Support from prominent politicians is pouring in like never before, as candidates running for office express solidarity with the Native Hawaiians. Presidential candidate Sen. Elizabeth Warren voiced support for opponents of the TMT in a tweet on Monday. “The Hawaiians who have been protesting construction of the Thirty Meter Telescope are trying to protect a sacred site from further desecration,” she said. “I stand in solidarity with them.”
In a tweet that has since been deleted, presidential candidate Sen. Bernie Sanders expressed support for the Native Hawaiians protecting Mauna Kea. “We must guarantee native people’s right to self-determination and their right to protest,” he wrote. “I stand with Native Hawaiians who are peacefully demonstrating to protect their sacred mountain of Mauna Kea.” Sanders deleted the tweet without explanation and has not responded to requests for comment from several reporters, including this one.
After a week of silence on the issue, presidential candidate and Hawaii Rep. Tulsi Gabbard released a video statement on Friday urging Ige to withdraw the emergency declaration, delay any new construction, “and bring leaders together from both sides in the spirit of aloha to ho’oponopono and determine the best path forward.”
Some activists have criticized Gabbard on the issue, saying she has largely ignored the longstanding battle over the telescope project, which is happening in her own backyard, while supporting causes in other parts of the country that are in the national spotlight.
Gabbard has largely ignored the longstanding battle over the telescope, while supporting causes in other parts of the country that are in the national spotlight.
Late last week, she reiterated her call for the governor of Puerto Rico to step down amid massive protests on the island, but had not commented on Mauna Kea, even as the movement was growing to its most organized phase yet. And though she hasn’t joined the activists that have been camping out on the mountain, she visited Puerto Rico over the weekend to join the thousands of protesters in the streets.
Similarly, in 2016, the Hawaii congresswoman traveled to North Dakota for the Dakota Access pipeline protests without taking a public stance on Mauna Kea, as the Honolulu Civil Beat reported at the time. She addressed a crowd at an event near the Standing Rock protest camp when someone asked about the proposed construction on sacred land in her home state. “The people there have stood strongly and spoken for the land,” Gabbard said. “That issue, it looks like, has resolved thanks to the position and the stands that they’ve taken.”
Andre Perez, one of the Native Hawaiian activists who was arrested on Mauna Kea the previous year, happened to be in the audience and interrupted Gabbard. “Mauna Kea is not resolved,” he said.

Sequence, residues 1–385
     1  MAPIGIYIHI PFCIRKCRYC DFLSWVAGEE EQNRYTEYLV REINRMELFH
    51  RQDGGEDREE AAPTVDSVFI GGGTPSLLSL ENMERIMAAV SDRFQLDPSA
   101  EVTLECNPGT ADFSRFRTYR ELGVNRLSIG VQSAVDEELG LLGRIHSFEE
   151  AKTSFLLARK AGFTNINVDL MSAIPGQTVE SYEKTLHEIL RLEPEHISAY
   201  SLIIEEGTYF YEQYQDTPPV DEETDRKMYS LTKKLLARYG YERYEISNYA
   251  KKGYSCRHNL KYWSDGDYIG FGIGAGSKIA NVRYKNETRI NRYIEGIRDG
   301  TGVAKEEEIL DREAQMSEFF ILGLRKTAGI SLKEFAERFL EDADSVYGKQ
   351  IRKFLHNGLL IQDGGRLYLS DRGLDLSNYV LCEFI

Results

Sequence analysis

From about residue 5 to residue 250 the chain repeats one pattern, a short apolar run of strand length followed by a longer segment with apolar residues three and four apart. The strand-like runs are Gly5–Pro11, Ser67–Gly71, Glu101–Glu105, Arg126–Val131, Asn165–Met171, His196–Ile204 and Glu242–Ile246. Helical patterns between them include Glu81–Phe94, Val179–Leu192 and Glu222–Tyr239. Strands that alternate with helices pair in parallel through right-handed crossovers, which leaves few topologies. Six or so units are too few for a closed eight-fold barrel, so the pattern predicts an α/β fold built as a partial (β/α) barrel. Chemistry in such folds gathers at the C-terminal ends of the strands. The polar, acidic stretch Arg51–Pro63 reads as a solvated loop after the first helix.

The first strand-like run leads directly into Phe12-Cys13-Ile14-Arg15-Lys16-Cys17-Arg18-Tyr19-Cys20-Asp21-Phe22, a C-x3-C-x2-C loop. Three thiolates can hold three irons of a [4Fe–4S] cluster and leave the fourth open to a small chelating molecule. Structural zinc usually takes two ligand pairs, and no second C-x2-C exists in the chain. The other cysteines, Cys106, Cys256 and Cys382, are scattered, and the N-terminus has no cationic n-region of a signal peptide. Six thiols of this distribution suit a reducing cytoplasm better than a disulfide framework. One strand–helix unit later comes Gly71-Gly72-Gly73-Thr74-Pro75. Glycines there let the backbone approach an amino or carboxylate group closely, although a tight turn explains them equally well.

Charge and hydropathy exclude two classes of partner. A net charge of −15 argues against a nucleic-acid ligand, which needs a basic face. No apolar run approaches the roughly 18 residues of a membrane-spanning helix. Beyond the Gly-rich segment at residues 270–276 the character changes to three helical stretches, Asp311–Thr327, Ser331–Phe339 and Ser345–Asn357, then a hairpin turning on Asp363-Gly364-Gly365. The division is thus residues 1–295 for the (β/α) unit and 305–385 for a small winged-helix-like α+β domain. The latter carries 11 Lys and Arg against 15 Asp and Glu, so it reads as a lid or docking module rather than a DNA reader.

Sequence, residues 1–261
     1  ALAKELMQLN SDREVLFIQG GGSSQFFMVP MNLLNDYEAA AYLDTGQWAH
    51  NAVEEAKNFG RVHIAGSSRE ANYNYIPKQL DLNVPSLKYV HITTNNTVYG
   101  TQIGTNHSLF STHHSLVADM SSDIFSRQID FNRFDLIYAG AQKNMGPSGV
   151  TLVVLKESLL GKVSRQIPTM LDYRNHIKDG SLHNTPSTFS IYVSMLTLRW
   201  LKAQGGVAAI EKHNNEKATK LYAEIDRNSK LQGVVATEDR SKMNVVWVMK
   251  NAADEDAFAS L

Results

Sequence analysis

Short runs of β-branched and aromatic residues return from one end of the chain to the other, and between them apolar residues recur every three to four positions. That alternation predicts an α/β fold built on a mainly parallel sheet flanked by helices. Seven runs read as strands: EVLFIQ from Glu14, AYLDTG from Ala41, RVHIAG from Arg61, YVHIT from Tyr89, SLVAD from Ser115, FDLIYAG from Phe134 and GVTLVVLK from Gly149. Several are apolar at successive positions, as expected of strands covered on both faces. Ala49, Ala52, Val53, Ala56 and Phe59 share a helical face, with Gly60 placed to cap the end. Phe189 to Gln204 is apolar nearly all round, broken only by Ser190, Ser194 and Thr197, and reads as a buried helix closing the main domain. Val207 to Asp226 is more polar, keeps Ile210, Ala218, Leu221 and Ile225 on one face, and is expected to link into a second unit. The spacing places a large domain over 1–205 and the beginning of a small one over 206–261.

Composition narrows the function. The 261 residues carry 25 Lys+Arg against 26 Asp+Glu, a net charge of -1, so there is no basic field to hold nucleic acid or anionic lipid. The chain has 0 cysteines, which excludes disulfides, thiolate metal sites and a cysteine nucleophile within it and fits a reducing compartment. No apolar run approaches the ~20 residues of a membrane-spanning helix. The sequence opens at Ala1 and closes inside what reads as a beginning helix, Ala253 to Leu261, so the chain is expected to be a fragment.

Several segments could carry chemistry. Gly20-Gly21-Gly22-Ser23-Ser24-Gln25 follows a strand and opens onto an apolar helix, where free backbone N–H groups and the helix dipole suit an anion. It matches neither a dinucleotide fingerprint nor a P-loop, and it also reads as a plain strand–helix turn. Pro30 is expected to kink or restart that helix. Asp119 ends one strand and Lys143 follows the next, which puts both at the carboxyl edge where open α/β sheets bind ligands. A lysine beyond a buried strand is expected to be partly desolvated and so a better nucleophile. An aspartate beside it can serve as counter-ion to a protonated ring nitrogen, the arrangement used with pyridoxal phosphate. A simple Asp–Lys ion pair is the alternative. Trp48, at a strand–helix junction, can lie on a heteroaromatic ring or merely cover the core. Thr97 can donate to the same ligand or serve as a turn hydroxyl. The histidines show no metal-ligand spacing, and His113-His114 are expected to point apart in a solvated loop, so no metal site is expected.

Hawaii Sens. Brian Schatz and Mazie Hirono, however, have maintained some distance. Hirono in a statement last week said she’s concerned for the safety of the protectors who are exercising their constitutional right to peacefully protest, adding that the project “has undergone a significant and thorough regulatory and legal review, and I respect that process.” Schatz had not publicly commented on the issue but told The Intercept on Wednesday that he thinks “it’s good that kind words were exchanged” and there’s going to be an attempt at reconciliation.
“Mayor [Harry] Kim is the right person to facilitate that process because of his long service to the Hawaii Island community and his deep aloha and mutual respect with the Native Hawaiian community,” he added.
Rep. Ed Case, a Democrat from Hawaii, said he supports “the continuation of world-class astronomy on Mauna Kea,” including completion of the TMT.
At the sanctuary camp, dubbed Pu’uhonua o Pu’u Huluhulu, the community has set up a free school, public restrooms, food capabilities, and trash is taken down twice a day. Activists describe it as a place of refuge and solidarity, where organizers also sing, dance, and lead chants.
Ing said he has never witnessed anything like what’s presently happening on Mauna Kea before in his lifetime, a sentiment echoed by other activists in the state. The closest thing to this current movement he has seen in Hawaii happened back in 2015, when the Mauna protectors stopped the first attempt of the TMT construction. This time around, he said, the Native Hawaiian community is “more coalesced” and unified.
“When you go up on the Mauna, or just watching videos, you see a type of community that our current form of American capitalism just cannot provide,” Ing added. “No unnecessary hierarchy, there’s order, and just people have their different roles, everyone is playing their position really well, and all labor is visible and appreciated.”